Q. Should I fertilize my fruit trees now so they have nutrients in the spring?
A. Studies in our area have shown that late-season fertility regimes on fruit trees can stimulate growth and delay a tree’s dormancy. This can cause the tree to be less cold hardy, which means there is a greater chance of damage if cold weather occurs in the fall. In addition, they have seen that the expected available nutrients in the soil come spring are greatly diminished, especially in sandy soils. Wait until February or March.
Q. I have access to some Sudan grass pasture for grazing my cows this fall. I’ve heard it can be toxic. Should I be concerned?
A. Special care must be taken when considering grazing Sudan grass, which can accumulate significant amounts of prussic acid. The result, if levels are too high, is essentially cyanide poisoning. The potential for prussic acid poisoning is greatly increased after a frost. Plants under stress from drought or other conditions that can inhibit regrowth can concentrate prussic acid in leaves that have been unable to mature. Grazing new regrowth can be problematic because young growth can contain higher levels of prussic acid. Grazing should only be considered after a forage test for prussic acid is conducted by a certified testing laboratory. Sudan grass should not be grazed in an immature state. Allow forage to attain a height of 15 to 18 inches before grazing. And make sure the cattle have other feed such as hay so they are not hungry before they enter the pasture. Chopping, haying, or ensiling, can reduce the level of prussic acid in the forage. However, laboratory testing will be required to confirm that the levels are safe for feeding.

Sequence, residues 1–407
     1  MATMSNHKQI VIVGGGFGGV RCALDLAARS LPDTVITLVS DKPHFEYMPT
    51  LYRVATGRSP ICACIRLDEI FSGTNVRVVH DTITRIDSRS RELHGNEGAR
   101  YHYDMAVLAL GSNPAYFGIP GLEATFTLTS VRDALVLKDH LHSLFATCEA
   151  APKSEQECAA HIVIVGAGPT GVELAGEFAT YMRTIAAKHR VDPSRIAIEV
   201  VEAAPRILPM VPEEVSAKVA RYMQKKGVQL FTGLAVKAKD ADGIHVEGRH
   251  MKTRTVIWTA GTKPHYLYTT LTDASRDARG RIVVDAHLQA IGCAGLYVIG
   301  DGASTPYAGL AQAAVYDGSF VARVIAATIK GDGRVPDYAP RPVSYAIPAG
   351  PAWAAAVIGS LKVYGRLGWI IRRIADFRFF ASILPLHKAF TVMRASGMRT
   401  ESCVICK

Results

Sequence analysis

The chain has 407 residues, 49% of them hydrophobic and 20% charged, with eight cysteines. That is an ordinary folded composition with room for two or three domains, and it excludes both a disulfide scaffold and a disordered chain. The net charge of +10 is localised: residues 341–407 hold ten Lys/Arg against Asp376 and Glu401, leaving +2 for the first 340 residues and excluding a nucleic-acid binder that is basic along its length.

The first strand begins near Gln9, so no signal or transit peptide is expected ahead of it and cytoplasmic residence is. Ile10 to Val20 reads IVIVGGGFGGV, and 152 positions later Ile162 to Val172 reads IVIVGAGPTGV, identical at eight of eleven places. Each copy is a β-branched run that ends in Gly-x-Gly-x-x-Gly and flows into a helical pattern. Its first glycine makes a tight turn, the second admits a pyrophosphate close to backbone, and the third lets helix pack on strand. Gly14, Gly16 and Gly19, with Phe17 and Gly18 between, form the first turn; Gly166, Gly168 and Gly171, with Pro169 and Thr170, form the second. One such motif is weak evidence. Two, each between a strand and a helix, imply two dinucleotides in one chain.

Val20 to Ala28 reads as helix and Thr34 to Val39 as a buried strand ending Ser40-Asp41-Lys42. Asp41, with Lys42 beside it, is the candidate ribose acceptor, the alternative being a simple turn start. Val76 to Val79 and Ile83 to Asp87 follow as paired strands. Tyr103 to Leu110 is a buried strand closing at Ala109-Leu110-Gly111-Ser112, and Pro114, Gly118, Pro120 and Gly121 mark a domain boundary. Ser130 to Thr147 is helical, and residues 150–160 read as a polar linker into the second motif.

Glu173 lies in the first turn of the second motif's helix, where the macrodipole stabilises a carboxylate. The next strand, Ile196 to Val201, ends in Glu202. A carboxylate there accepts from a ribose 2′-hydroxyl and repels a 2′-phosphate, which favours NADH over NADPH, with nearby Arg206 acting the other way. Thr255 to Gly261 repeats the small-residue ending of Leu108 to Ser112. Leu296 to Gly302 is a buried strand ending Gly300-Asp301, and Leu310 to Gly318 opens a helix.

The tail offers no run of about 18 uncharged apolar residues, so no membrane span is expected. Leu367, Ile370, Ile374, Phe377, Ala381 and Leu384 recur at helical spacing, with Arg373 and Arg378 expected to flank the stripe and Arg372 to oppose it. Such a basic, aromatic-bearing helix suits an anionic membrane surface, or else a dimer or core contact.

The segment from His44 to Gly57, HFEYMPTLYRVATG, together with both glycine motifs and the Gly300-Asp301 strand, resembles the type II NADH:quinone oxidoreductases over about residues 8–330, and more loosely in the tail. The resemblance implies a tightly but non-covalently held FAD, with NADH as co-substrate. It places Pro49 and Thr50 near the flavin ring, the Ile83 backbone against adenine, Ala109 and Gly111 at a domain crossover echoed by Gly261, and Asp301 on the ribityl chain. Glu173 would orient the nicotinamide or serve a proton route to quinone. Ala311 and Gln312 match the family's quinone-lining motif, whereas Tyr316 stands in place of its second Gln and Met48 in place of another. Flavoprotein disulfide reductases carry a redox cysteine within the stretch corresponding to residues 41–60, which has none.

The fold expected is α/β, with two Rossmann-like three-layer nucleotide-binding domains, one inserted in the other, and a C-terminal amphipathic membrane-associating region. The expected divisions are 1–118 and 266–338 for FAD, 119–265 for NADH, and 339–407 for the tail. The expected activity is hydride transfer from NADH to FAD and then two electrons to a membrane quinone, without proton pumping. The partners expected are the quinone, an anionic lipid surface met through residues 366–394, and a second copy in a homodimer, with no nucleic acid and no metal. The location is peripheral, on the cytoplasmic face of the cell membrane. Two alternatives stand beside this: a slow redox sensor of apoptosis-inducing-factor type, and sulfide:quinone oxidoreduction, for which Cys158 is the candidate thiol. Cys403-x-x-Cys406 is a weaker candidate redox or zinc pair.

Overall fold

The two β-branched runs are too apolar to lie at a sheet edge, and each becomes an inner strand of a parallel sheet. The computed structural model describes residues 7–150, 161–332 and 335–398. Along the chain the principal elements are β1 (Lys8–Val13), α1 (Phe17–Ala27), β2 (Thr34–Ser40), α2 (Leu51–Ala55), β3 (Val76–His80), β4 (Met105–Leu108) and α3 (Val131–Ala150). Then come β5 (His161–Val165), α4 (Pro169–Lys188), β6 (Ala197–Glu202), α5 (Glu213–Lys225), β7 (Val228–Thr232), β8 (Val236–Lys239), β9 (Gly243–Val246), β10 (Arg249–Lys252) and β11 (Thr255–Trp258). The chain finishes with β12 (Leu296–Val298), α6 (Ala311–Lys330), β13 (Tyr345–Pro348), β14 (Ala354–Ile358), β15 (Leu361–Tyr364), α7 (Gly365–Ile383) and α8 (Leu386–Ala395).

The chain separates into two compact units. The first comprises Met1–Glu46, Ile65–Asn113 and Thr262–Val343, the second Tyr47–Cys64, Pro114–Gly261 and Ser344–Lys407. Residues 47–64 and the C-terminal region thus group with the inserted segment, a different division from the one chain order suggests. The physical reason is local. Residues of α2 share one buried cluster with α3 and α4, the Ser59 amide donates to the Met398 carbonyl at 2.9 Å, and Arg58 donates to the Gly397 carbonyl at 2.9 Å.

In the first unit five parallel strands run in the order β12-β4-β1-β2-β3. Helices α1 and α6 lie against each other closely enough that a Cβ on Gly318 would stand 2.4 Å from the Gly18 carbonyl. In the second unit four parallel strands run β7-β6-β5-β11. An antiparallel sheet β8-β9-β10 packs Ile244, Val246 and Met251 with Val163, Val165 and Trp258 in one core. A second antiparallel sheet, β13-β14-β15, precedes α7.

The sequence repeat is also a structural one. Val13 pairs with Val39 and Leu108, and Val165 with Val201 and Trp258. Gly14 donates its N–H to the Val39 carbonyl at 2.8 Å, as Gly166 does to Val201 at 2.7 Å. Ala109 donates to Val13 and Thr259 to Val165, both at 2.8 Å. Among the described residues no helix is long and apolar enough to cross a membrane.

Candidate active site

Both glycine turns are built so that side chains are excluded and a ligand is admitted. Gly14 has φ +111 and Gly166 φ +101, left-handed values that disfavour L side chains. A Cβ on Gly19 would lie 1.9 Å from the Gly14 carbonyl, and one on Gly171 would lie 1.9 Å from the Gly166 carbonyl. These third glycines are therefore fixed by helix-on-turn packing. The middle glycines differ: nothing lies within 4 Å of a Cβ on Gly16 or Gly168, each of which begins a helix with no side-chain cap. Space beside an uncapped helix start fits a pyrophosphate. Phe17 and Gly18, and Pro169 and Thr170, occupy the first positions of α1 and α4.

Q. What is the history of alfalfa? Where did it come from?
A. Alfalfa, or Lucerne as it is sometimes called, is considered queen of the forage feeds because of its importance. Alfalfa is believed to be native to Iran. It was first introduced to the United States in Georgia back in 1736, then in California in 1850. Alfalfa is grown on more than 80 million acres in the world, and 21.7 million in the U.S. The northcentral and western region of the United States grows more alfalfa than others.
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